Awesome Modern Take on Casalguidi Stitch

Hi again

The last couple of weeks have been super busy and I haven’t had as much time to post. So hopefully over the next week I’ll get a few extra posts written.

This one is few words and some wonderful embroidery for you.

When I was researching the Casalguidi post I talked to Pat Bootland about her teaching sample and the use of casalguidi stitch. Not long after she brought in a bag and said ‘I’ve got another example of casalguidi stitch to show you.’………and pulled out this beauty….

Casalguidi Garden Avenue in frame by Pat Bootland

It’s an absolutely exquisite piece of textured embroidery and all her own design. If you’d like a closer look just click on the photo to enlarge it.

The pergola is all worked in casalguidi stitch:

Garden Avenue without frame by Pat Bootland

The climbing rose in the foreground has needlelace flowers and needleweaving for the leaves:

Needlelace Flowers by Pat Bootland

The climber behind (is it wisteria?) is all bullions and french knots:

Bullions and French Knots by Pat Bootland

….and then there are the ferns around the base of the pillars:

Needleweaving by Pat Bootland

…..and look at how she’s created the paving stones – it’s padded satin stitch surrounded by french knots. So simple and yet so effective!

Paving stones Pat Bootland

I’m never sure how much detail you’d like about the embroideries so I really really need your input:

Would you like to know what threads Pat used for the various elements in the design?

How she achieved the three dimensional effect in the design?

How to draw the design right from the beginning?

Would some tutorials on creating plants and greenery using needleweaving be useful?

What about a tutorial on stitching the paving stones?

I’d really love to hear what you think if you’ve got the time to leave a comment.

Thanks

 

 

Royal History in Cross Stitch 3

Hi everyone

Welcome to the final post in our series on the Kings and Queens of England since 1066. I’ve really enjoyed writing this quirky series and hope you’ve enjoyed reading it and looking at Barbara’s clever stitching up close.

From Queen Anne to Queen Elizabeth II

This period of royal history covers over 300 years to the present day. During this time there is a decisive shift of political power from the monarchy to the parliament, the growth and decline of the British Empire, and the union of Scotland and England to create the United Kingdom. Not to mention World Wars I & II…

Rows 5 and 6 of Barbara Bailey X stitch

 Recap

We left this sampler with the reign of William and Mary of Orange. They had no heirs and so the throne passed to Anne the daughter of James II and his Protestant first wife.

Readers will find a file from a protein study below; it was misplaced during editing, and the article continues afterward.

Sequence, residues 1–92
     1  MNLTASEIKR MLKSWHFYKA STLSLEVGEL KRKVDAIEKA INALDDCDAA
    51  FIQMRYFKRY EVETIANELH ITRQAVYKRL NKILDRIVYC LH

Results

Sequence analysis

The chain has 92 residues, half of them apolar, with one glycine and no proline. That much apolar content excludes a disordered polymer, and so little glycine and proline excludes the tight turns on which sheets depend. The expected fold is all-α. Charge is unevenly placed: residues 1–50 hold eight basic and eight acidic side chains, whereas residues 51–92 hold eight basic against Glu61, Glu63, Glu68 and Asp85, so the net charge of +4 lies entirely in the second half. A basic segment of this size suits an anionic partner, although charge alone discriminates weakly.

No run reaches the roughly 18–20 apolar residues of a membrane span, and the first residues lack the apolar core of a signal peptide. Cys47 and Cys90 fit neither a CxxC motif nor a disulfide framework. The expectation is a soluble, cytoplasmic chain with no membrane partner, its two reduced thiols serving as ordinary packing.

Anne to George II Barbara Bailey X stitch

Anne (r. 1702-1714)

Her reign was characterised by prosperity and stabilty. Despite suffering from ill health (severe gout) for most of the period she was an active participant in political life. She attended more Cabinet meetings than any other monarch and astutely managed the conflicts in government that came with the rise of the two party system. The union of England and Scotland into the United Kingdom happened during her reign. She had 17 children but all died before their 12th birthday.

George I (r. 1714-1727)

George I was the first of the Hanoverian Kings. He was German, had a poor grasp of the English language, a whole swag of greedy mistresses and a badly treated wife. Needless to say he wasn’t popular! The image of him here with a key in his hand probably references the fact that he locked up his wife for long periods of time.

George II (r. 1727-1760)

George II reigned in a period which saw the beginning of the Industrial Revolution, a rapid rise in population, the growth of English economic and military power and the expansion of the empire. He had to deal with Bonnie Prince Charlie who landed in Scotland and was defeated at the Battle of Culloden. He was passionate about the invention of the marine chronometer (the first sea going clock) and that’s probably why he’s got a clock in his hand here.

George III to William IV

George III to William IV Barbara Bailey X stitch

George III (r. 1760-1820)

George III is a much maligned figure and is often presented as a caricature with the focus being on his loss of the American colonies and his bouts of insanity. In fact he was for long periods an able and cultured monarch who founded the Royal Academy of Arts. This was the Regency period and during this time the colony of N.S.W. was established and the  policy of transportation of convicts implemented. The Civil List to meet the expenses of the Royal Family was set up. Historians attribute his periods of insanity to Porphyria – a disease of the liver.

George IV (r. 1820-1830)

George IV was an extravagant collector and builder who liked the good life. He allegedly spent his wedding night in a drunken stupor on the floor. He liked pageantry and this became the basis for the ceremonial side of Royal events.

William IV (r. 1830-1837)

William IV never expected to become king as he was the third son of George III. At 13 he joined the Royal Navy as a midshipman which is why he’s shown here in naval uniform. He made it his mission to live long enough that Victoria would come of age and inherit the throne – there were other claimants to the throne hanging about.

Victoria (r. 1837-1901)

Victoria Barbara Bailey X stitch